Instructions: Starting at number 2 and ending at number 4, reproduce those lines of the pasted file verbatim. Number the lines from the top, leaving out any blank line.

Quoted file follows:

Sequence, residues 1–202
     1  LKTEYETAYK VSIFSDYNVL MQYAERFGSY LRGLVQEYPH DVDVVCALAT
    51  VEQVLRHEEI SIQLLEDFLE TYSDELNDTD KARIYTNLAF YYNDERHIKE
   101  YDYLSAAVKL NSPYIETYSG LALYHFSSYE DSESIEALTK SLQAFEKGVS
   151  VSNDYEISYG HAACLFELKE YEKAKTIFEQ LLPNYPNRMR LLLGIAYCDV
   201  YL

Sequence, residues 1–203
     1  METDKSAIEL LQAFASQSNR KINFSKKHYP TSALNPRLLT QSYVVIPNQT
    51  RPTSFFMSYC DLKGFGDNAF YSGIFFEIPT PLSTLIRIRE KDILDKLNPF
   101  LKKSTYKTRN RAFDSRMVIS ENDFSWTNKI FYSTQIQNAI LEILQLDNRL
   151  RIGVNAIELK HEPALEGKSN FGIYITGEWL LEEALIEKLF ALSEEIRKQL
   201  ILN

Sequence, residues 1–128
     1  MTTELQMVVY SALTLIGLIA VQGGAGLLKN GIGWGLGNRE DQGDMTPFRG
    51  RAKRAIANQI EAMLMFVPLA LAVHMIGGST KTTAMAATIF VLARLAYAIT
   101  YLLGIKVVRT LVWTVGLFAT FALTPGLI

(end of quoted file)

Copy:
     1  LKTEYETAYK VSIFSDYNVL MQYAERFGSY LRGLVQEYPH DVDVVCALAT
    51  VEQVLRHEEI SIQLLEDFLE TYSDELNDTD KARIYTNLAF YYNDERHIKE
   101  YDYLSAAVKL NSPYIETYSG LALYHFSSYE DSESIEALTK SLQAFEKGVS